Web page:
This weekend they posted the JAM Fund Grand FUNdo ride on Bikereg. The FUNdo is 68 miles with 5300 feet of climbing and benefits the developing professional cyclocross team founded by current US Cyclocross Champion Jeremy Powers, Alec Donahue and Mukunda Feldman. This ride is supposed to AWESOME, and it happens nearly in my back yard, and I’ve never been able to do it because of childcare reasons. This year, they moved it out a week and I’m free to do it. Win. I posted the link on her FB page and before I knew it, she signed up and so did I–and it’s on! We’re hanging out and riding bikes all day July 25th. I’m so excited!
This was exactly the nudge I needed too–yes there are races peppered through my schedule this summer and more regularly in the fall, but this is a big ride. 68 miles, 5300 feet of climbing, 20 miles of dirt. And all in the bosom of the beautiful Pioneer Valley. This is the event I needed in my schedule to train for.
I’m not a great climber and long distances burn me out–so I’ll need to prepare carefully. Most of the prep will surround food, hydration and timing of these two important elements. I’ll train too, off course, for the distance and the hills–I know I can do it–it’s just not being completely destroyed afterwards.
And bonus–I already talked to mysterious co-blogger Heather about this event and it’s on her list to do. Additionally, I’d bet money a bunch of the NCC guys I chat with on twitter will sign up (guys if you are reading I know you are a lot faster than me but at least I’ll see you at the pig roast).
Totally stoked for this event! Hopefully the weather gods are kind and the winds are at our backs. To sign up and support the JAM Fund, go to BikeReg and check it out!
Sometimes a nudge can set plans in motion.
Because we have had so much snow, I’ve enjoyed a few extra weeks to make plans about cycling. So what’s to plan? Well–a lot. It takes a lot of thought to juggle a full time job, full time parenthood, and then tackle aggressive cycling goals.
- 3000 miles in 2015
- Three top 50% Cyclocross Finishes
- 10++ races/events
Events on the tentative schedule for 2015 (some will be added, some subtracted…)
- Domnarski Farm MTB Race June 7th
- JAM Fund Grand FUNdo July 25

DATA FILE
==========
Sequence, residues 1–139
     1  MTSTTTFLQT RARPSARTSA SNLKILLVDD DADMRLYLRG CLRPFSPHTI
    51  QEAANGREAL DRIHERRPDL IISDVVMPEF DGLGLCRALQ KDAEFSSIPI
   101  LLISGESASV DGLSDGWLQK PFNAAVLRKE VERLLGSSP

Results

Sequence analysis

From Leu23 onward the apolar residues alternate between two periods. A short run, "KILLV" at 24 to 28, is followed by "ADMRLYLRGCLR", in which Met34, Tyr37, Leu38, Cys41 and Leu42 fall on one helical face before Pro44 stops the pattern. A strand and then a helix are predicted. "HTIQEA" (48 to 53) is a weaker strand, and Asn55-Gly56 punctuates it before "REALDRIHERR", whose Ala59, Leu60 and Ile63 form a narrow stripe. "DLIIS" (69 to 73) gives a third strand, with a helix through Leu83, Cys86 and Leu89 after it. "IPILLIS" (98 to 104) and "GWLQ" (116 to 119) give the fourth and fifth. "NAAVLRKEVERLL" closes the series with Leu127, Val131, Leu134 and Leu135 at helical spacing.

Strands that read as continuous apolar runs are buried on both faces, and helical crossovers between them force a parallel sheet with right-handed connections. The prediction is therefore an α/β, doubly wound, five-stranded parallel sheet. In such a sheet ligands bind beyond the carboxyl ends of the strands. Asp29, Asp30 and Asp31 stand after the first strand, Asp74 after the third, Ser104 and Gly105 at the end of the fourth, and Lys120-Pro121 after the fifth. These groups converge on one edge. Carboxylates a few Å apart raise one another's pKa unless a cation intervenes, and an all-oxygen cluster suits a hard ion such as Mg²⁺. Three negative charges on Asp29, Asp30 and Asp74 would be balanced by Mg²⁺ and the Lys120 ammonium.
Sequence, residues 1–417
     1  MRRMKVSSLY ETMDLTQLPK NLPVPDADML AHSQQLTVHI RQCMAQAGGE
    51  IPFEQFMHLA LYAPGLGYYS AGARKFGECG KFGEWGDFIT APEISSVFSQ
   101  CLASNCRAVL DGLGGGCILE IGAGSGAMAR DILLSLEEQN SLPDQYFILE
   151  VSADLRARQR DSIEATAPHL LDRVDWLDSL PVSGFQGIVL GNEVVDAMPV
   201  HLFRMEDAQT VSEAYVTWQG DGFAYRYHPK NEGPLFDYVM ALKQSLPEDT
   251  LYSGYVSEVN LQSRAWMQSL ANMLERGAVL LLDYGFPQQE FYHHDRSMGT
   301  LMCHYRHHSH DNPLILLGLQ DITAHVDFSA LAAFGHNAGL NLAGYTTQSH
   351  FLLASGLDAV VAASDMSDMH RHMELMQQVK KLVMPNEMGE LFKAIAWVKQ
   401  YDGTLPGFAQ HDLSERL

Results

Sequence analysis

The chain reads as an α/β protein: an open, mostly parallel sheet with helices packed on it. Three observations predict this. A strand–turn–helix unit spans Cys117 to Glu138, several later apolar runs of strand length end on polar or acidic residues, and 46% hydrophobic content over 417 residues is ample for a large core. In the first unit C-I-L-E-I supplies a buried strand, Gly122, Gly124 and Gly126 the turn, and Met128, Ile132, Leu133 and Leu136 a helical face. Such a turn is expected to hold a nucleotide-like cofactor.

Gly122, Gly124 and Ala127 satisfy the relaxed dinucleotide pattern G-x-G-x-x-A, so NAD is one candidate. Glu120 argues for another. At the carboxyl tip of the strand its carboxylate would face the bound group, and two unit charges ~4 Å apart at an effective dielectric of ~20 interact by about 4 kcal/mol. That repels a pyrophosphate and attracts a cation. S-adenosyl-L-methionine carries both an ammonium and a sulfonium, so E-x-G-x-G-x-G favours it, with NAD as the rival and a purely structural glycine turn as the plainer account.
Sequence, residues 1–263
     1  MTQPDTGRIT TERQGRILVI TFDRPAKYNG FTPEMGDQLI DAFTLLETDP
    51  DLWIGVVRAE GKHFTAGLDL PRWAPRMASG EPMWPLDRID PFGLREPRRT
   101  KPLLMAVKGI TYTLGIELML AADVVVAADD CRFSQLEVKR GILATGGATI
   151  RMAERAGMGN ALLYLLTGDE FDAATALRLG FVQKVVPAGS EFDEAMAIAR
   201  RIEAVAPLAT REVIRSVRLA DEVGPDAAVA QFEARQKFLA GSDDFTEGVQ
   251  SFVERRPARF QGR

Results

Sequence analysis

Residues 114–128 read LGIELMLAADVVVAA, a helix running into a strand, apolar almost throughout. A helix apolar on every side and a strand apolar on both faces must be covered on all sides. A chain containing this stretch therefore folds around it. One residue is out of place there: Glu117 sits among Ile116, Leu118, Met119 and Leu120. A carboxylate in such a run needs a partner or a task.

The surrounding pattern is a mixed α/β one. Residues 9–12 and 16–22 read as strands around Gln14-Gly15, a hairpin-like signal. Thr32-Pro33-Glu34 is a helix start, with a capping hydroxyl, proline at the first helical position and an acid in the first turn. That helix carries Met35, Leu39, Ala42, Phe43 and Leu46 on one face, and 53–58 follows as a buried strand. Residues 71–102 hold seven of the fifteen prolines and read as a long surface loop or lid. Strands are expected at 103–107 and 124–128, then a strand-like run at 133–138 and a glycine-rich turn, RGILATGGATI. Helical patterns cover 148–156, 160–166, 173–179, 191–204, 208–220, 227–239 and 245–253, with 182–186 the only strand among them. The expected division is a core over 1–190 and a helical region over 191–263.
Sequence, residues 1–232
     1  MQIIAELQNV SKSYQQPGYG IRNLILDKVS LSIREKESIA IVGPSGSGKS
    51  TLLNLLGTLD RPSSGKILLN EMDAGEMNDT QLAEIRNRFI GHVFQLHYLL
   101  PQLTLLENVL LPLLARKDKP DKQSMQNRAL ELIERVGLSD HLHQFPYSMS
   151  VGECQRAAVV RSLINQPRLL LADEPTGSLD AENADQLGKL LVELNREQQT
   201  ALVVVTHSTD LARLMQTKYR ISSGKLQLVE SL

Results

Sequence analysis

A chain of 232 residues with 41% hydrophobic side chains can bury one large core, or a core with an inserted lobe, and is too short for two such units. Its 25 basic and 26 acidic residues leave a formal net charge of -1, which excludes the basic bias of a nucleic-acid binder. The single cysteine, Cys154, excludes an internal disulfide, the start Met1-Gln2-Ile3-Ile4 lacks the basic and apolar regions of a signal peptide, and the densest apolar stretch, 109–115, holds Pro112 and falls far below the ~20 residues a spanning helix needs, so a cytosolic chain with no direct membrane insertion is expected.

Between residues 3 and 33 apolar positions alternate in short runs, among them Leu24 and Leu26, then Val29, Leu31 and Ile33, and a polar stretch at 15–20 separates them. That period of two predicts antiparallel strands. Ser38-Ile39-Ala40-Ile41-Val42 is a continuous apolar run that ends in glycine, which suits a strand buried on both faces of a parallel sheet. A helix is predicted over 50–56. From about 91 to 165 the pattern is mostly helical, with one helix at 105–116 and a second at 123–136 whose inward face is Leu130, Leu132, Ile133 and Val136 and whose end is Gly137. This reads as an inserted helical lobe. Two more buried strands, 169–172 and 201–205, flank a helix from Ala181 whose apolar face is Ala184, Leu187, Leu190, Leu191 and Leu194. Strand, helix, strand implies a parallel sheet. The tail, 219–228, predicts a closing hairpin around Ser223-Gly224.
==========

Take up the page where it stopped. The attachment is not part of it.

- Forest Park CX Race August 22
- Blunt Park CX Race August 23
- Spartan Sprint OCR August 29
- TBD CX Race September 5-6
- TBD CX Race September 19-20
- The Gran Prix Gloucester Cyclocross Race September 26-27
- The Night Weasels Cometh CX Race September 30
- KMC Providence Cyclocross Festival & CX Race October 3-4
- TBD CX Race October 17-18
- Cycle-Smart International Cyclocross Race October 31-November 1
- Cheshire CX Race November 14
Any racing I do after mid November is gravy. Between daylight savings time and my son’s extracurriculars, I am not able to keep my fitness at the level it needs to be to “race.” I need to switch my mentality to manage my own expectations of myself–that’s hard for me to do–and just go into any of these events with a more fun attitude. Cycle Smart is my last huge effort and then I need to just do what I can without feeling bad about not being able to do more.
I’d like to do more MTB races but the schedule just isn’t lining up with my personal schedule. It’s OK. I’m going to try and preride the Cat 2 route at Domnarski to be sure I can do it competently (I know I can do it, just don’t want to sign up for complete humiliation). I took 1st in the Cat 3 race last year so I should be able to handle the Cat 2 race (but let’s be clear–I have no delusions of podiums for that category).
Spartan Sprint kicked my ass last year and I’m going back this time and training for it. At least this year I’ll know what a burpee is before taking on that event.
The cyclocross racing is the main focus for me. Last year I was distracted by a job change and much of my focus was there–and that was a wiser, more appropriate choice for me. As a result, my racing performance suffered, I rode less miles overall. I was a couple lbs. heavier and less fit, and my head wasn’t in it like I wanted it to be. I’d like to write a different story this year. Nothing fictional, but something respectable (for me). Balance is needed in all things. I just want my cycling bucket to have a little more weight this year.
So what was that the nudge anyway? Stay tuned…..
In like a lion, out like a lamb.
Today’s ride was c-c-c-c-cold. The 26 degrees wasn’t so bad, it was the blasting headwind, gusting strong at 30+ MPH that was tough to take. I stayed closed to home and took it slow at times, steady most of the ride. I really didn’t enjoy this ride, and mid way through I found myself just wanting it to be over.
This winter is the toughest I’ve had on the bike in some time. The temps have been extremely cold, and whenever I do have an opening in my schedule to ride, it’s often snowing. I’ve been dabbling with the trainer just to get some energy out and to keep my legs in some kind of shape, but I’m really seeing why the pros just move to California during the winter months to build their base miles.
Anyway, I climbed the Notch, which isn’t the hardest hillclimb but it’s not something I usually do in January. Hills are my friends, hills are my friends, hills are my friends. I’ll be grateful come summer when I’m faster for it.